I've gotten a lot of fascinating feedback on my "... is is ..." post, from people who have studied the construction for a lot longer than I have, and in more depth than I'm ever likely to. We're talking about sentences like
(link) The worst thing is, is that procrastination is so easy to stop.
(Be warned: the rest of this post is just lightly-commented references and links. Some more easily-digested commentary is likely to come along later, but if you're interested in the contruction, you'll want to look at this stuff.)
Patrick McConvell sent in a couple of early references:
Bolinger, Dwight. 1987. The remarkable double "is". English Today 9:39-40.
McConvell, Patrick. 1988. To be or double be: current change in the English copula. Australian Journal of Linguistics 8.2:287-305.
along with a brand-new set of slides from a talk he gave a couple of days ago, entitled "Catastrophic change in current English: Emergent Double-be's and Free-be's." [warning -- these are ~1MB files -- .ppt, .pdf].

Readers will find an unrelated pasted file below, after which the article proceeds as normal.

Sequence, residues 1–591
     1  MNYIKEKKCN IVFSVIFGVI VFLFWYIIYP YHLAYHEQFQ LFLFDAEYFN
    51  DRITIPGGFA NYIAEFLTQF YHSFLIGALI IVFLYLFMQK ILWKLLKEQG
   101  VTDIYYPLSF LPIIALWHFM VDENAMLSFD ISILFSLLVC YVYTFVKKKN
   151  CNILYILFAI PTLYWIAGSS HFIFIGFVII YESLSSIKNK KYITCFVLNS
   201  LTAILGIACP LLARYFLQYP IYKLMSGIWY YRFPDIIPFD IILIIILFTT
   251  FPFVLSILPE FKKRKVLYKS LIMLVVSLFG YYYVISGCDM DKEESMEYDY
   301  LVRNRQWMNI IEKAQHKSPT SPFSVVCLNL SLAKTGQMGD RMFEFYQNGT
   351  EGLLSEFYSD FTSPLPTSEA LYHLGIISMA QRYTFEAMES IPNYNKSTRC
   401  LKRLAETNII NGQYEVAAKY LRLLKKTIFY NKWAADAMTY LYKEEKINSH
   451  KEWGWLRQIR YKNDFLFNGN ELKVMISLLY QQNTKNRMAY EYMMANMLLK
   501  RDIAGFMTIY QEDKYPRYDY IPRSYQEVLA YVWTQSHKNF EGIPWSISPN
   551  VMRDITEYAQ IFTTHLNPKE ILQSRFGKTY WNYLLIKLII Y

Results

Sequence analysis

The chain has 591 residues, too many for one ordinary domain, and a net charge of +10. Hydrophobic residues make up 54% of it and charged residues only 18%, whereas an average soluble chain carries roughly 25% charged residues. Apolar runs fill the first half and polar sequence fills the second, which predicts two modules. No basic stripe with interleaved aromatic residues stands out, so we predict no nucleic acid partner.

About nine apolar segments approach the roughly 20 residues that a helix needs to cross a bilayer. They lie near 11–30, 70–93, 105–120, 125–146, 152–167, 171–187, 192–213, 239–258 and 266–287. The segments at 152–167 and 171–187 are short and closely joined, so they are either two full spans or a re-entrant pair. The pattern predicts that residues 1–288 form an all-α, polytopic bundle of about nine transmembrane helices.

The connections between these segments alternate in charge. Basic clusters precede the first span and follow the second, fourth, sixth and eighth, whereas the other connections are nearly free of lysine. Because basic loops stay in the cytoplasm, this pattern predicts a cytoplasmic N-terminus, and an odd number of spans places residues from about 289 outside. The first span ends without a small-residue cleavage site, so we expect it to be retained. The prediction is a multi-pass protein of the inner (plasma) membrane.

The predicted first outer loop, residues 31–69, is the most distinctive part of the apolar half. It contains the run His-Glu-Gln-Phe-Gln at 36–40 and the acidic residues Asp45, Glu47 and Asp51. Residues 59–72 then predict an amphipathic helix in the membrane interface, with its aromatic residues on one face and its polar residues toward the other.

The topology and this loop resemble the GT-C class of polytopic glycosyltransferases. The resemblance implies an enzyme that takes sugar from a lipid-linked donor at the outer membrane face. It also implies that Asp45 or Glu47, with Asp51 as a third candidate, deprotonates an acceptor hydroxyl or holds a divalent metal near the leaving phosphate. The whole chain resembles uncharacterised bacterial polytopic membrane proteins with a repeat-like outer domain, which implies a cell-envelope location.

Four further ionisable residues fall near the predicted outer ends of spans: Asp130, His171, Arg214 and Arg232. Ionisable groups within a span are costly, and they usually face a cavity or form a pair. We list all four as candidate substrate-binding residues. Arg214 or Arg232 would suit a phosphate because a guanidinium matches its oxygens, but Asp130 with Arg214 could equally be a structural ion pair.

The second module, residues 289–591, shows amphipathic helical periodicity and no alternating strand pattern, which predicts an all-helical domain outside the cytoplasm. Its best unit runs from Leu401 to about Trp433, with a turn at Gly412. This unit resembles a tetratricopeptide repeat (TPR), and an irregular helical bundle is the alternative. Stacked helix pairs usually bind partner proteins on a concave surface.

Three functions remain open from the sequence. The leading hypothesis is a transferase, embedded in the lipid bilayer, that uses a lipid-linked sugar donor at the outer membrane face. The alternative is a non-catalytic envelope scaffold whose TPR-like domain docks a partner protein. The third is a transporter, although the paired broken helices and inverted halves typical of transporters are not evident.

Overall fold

Arnold Zwicky emailed to say that
Locally, we call it "Isis", with a bow to ancient Egypt. (if you know some Mozart, you can even sing it.)
In any case, I have quite a lot to say about it. More bibliography, *lots* more analysis, the observation that the historical source(s) of the construction and its current status aren't necessarily (in fact, aren't) the same, and the observation that there are several distinct systems for its use now. Lord knows how i could get this into a LL posting...
Arnold sent in a bibliography, a bunch of notes, and a handout from an Isis Fest on Memorial Day 2003. He'd like to update the bibliography before posting it, and edit the notes in various ways, but here's the IsisFest handout (.pdf) while we're waiting.Posted by Mark Liberman at June 29, 2004 08:02 AM